For the inexperienced and even the experienced driver, motorway driving can be stressful. It’s so easy to go off route, get stuck in unforeseen traffic jams and, sometimes, we even break down, with no clue as to what’s happened to our beloved car.

Motorway driving isn’t like driving on the road; you have to make quick decisions while travelling at 70mph and alongside large lorries and overtakers, on roads unbeknown to you and your passengers. Driving safely on the motorway can be so easy, though. Yet, people neglect the preparation beforehand and, therefore, face issues that could have been so easily prevented, had they planned ahead.

Here at, we’re invested in helping every drive you make safe. That’s why we’ve come up with our top-five handy hints to help you prepare for safe motorway driving and prevent you from uttering “I wish I’d done that before I set off.”

  1.         Check your tyre pressure, oil and lights

Before venturing onto the motorway, two things you should always do before you set off is check the tyre pressure and oil. There’s a reason the DVSA hammers this into you when you’re learning to drive, which is demonstrated by the number of questions you’re asked surrounding these safety checks on your theory and practical test.

So, check your tyre pressure and ask yourself: Are my tyres cold? Are they the correct pressure according to my vehicle handbook? Yes, you may feel like a goodie two shoes, but that’s the type of driver you should aspire to be. If you’re driving, don’t neglect your responsibilities.

It’s crucial you check your lights are working, too. If it’s foggy, no one will be able to see you if your lights are inactive and vice versa. Your lights on the motorway almost replace your eyes; it is your lights you rely on to be able to see the road ahead, properly.

  1.         Load up your Sat Nav, but don’t rely on it

Sat Navs provide us with an element of safety when we’re braving a busy motorway; they show you where you are heading and, literally, point you in the right direction.

Sometimes, Sat Navs can lose GPS signal, not re-calibrate or take you a much more complicated way than you had planned. That’s why Sat Navs should be used as a guide to your motorway driving, you shouldn’t necessarily rely on them to get you somewhere. So, use this clever device as a loose guideline to help you navigate where you are going. Nonetheless, ensure you’ve prepared your route well enough without the Sat Nav’s help, before setting off.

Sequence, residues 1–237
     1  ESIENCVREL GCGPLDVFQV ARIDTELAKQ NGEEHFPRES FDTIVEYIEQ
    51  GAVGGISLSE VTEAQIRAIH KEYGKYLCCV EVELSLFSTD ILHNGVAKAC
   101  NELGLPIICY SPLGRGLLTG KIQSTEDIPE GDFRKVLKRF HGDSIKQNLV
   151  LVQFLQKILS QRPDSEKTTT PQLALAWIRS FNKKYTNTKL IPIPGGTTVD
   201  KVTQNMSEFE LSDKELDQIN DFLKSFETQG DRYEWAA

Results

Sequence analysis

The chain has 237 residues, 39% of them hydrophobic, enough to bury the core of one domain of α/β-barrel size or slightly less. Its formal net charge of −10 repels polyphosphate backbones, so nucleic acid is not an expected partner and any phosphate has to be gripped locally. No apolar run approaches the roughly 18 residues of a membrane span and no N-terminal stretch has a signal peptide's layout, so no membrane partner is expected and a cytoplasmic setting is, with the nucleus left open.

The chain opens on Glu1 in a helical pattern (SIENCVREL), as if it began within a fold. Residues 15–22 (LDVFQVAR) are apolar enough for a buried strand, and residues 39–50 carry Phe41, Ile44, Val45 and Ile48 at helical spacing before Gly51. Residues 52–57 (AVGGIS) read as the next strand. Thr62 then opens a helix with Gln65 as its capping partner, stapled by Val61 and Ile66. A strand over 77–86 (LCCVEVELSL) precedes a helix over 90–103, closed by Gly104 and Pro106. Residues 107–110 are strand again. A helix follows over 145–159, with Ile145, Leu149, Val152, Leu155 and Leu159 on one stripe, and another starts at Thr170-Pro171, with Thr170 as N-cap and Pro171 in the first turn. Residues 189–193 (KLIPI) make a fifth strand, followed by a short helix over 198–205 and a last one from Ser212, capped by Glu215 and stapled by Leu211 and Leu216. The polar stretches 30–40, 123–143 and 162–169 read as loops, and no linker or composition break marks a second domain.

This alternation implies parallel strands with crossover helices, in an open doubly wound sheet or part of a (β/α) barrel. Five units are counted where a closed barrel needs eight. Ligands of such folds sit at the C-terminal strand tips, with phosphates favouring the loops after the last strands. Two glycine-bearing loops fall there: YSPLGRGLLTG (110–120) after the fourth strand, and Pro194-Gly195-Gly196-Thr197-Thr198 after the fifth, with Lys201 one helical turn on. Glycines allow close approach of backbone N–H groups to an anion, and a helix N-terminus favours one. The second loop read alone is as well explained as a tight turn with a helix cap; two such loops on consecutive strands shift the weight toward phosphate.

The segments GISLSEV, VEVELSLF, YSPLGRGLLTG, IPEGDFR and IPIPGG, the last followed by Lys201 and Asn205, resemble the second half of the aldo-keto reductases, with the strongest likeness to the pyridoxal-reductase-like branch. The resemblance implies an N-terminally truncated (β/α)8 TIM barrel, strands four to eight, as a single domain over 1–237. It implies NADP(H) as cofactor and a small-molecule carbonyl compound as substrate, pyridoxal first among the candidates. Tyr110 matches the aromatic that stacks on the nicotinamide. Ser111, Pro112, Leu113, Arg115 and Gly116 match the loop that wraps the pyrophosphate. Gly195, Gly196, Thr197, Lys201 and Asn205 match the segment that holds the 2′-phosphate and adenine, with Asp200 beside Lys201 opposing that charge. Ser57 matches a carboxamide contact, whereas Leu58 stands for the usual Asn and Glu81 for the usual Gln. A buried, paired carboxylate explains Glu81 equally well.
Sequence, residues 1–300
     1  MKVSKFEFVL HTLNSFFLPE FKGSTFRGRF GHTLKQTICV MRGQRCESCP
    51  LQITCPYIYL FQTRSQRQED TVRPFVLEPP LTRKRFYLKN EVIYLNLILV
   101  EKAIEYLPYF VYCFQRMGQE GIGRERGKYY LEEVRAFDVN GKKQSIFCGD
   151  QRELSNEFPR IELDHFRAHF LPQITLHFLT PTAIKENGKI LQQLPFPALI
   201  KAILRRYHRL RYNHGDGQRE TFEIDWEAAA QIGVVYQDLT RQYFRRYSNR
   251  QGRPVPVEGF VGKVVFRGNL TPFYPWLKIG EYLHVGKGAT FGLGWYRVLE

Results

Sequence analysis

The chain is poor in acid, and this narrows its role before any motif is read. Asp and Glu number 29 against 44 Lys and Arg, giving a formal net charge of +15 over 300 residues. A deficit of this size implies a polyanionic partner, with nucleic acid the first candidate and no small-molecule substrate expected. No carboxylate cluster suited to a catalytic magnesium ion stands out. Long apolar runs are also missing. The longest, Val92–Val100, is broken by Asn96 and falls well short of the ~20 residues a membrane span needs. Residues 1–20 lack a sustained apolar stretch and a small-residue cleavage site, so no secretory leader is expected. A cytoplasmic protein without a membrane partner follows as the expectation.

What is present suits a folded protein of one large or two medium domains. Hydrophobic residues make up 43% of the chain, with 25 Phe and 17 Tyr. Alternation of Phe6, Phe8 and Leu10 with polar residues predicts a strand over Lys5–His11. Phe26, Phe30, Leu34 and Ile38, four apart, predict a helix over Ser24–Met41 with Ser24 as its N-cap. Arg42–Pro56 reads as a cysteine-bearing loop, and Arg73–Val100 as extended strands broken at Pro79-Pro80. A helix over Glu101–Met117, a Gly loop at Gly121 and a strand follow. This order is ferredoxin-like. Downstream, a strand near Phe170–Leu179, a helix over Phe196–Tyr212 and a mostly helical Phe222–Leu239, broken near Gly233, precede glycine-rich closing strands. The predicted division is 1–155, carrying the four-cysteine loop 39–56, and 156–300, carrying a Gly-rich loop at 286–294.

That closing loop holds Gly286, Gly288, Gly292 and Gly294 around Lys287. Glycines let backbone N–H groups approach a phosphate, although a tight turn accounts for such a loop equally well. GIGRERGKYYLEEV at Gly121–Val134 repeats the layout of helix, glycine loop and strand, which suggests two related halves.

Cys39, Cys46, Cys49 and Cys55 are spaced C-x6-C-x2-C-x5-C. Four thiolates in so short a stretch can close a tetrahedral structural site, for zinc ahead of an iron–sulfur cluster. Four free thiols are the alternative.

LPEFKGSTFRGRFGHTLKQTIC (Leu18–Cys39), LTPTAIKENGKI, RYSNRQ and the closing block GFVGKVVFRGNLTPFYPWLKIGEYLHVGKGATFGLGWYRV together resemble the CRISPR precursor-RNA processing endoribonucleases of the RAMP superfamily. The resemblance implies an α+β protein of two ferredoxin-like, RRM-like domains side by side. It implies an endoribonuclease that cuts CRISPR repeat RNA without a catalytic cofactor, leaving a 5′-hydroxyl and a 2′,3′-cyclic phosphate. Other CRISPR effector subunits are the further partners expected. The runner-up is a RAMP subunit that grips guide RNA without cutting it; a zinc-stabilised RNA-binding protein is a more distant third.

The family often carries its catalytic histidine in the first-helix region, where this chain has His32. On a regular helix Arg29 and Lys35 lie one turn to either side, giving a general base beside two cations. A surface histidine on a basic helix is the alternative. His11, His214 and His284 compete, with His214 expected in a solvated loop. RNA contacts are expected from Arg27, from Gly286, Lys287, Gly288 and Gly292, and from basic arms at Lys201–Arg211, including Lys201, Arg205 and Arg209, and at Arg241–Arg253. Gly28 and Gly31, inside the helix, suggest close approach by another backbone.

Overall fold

1.         Plan your route on Google Earth beforehand

As well as having an old-school map in your car and your SatNav on, it’s a wise idea to check out your route the night before your trip, to get a feel for the area you’re driving to. Google Maps are so advanced these days that you can zoom in on satellite to see exactly which roads, lanes and signs you will be following in preparation for your trip. Familiarising yourself with the route you’re travelling on will prevent stress in the event you do follow the wrong sign or go the wrong way.

    4.   Always have a Plan B

If there’s anything your theory test should’ve taught you, it’s to plan ahead and plan some more. Motorway driving can be a doddle, but sometimes roads are closed, roadworks are being carried out or accidents have blocked off certain areas of the motorway which can not only delay your journey, but meddle with your planned route. That’s why it’s a good idea to plan a second route, just in case the first one doesn’t work out.

Both your SatNav and Google Maps will calculate different routes to get you to one set destination, so make life easy for yourself and prepare in advance of your journey.

  1.         Connect your hands-free

Many people still make the mistake of quickly ringing or texting a friend to say they’ve nearly arrived, or use Snapchat to film a formed traffic queue while they’re still driving. With hands-free devices available, there’s no excuse to be using your phone behind the wheel.

So, before you set off, ensure your hands-free is set up and working effectively. There’s nothing worse than not being able to get in contact with friends to say you’ll be arriving late – oh, apart from nearly causing an accident because you’re frantically trying to fix your hands-free…

This should not be construed as advice and is for guidance only.